ZEALANDIA has generated significant international visibility for Wellington. As well as the environmental contribution, ZEALANDIA is delivering a commissionable visitor attraction that is encouraging people to stay longer and spend more in Wellington. As a ‘living laboratory’ the sanctuary is supporting a range of research projects contributing to the knowledge economy. It also assists Wellington to be a creative place where talented people want to live – a city with unique, accessible natural surroundings.


Overall, Wellington remains the only city in the world with an authentic, world-class sanctuary and an ecological restoration project in its centre. This is a clear natural advantage for the city, a major point of difference from other New Zealand cities and will ultimately enhance the international competitiveness of Wellington.

While the Trust will take longer to move away from relying on Council funding, the Trust is still committed to reducing this reliance over time and, ultimately, becoming self sustaining. In the short to medium term, we seek Council funding to support the significant public good generated by the Trust as set out above. This is consistent with Council funding of other organisations such as the zoo ($2.8m pa), Museum Trust ($7.7m pa) and Te Papa (2.5m pa). It is important to understand the subsidies effective around Wellington – the list included in this Dominion Post article [] is worth a look.


The Council is a strategic partner and a principal funder of the Trust. It recognises the significant benefits the sanctuary generates, and in particular its importance in the recently released Wellington 2040 Vision.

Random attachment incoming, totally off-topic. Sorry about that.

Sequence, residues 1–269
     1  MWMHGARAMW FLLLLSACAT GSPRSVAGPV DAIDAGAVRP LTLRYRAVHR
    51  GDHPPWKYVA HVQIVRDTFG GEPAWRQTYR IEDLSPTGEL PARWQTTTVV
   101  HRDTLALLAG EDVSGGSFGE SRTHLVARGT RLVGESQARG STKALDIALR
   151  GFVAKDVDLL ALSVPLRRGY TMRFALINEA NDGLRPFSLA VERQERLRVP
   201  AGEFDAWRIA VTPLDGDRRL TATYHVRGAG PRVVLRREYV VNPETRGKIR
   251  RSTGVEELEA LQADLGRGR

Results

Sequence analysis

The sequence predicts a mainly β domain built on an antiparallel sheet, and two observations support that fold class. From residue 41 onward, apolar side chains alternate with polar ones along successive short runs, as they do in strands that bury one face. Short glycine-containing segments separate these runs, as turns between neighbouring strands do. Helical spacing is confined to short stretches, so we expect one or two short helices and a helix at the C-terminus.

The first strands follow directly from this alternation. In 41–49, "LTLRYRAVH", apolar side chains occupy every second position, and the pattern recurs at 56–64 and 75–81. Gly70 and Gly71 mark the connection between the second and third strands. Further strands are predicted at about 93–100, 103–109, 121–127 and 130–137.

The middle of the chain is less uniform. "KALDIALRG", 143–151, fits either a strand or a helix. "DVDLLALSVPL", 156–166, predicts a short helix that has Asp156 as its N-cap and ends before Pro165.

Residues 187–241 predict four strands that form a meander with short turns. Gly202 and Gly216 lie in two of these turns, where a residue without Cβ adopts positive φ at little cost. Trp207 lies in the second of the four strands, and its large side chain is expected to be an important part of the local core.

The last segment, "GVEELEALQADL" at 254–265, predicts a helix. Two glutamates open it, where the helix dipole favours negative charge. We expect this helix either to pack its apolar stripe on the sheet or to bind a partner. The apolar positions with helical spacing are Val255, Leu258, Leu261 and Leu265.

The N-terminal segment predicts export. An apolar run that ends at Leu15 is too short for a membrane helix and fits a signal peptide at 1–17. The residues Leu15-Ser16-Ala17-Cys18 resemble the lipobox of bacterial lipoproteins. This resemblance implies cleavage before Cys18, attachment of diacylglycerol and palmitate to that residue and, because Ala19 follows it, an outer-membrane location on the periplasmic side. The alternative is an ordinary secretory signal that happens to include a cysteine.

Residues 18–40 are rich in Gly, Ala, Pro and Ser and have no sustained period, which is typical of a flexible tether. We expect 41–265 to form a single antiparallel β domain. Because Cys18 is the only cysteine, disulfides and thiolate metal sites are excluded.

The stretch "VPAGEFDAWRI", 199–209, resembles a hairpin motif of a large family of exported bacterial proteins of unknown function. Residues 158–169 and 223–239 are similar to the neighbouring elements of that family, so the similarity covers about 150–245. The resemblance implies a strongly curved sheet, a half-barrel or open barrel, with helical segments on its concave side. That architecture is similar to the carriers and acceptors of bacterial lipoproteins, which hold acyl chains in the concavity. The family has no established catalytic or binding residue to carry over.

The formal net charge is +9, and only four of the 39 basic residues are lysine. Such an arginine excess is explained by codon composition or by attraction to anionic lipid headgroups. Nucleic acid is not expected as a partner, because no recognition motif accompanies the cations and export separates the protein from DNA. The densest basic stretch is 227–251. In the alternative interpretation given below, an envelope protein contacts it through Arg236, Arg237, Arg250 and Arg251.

The Council has now set up a working party to consider the Trust’s funding request, and to develop a range of options for Council to consider by 23 February 2012. This will include:

• developing a set of criteria based on council’s strategic priorities under which identified options and alternatives will be assessed, with particular attention given to the impacts on conservation, biodiversity , visitor attractions and the cost to ratepayers

• and assessing the options against the criteria identified.


Your ongoing support is appreciated and your voice makes a difference. Help spread the word about the true value of ZEALANDIA to those around you and express your opinions to the editors of local newspapers. It can be an uphill struggle to change the value perceptions of those who haven’t recently visited ZEALANDIA, so here’s a hint:

There’s a 2 for 1 voucher available on (click the tūī) and kids go free at ZEALANDIA until 24 December. Tell your friends about these offers, and membership, so they can see what we’re doing first-hand!

Catherine Isaac,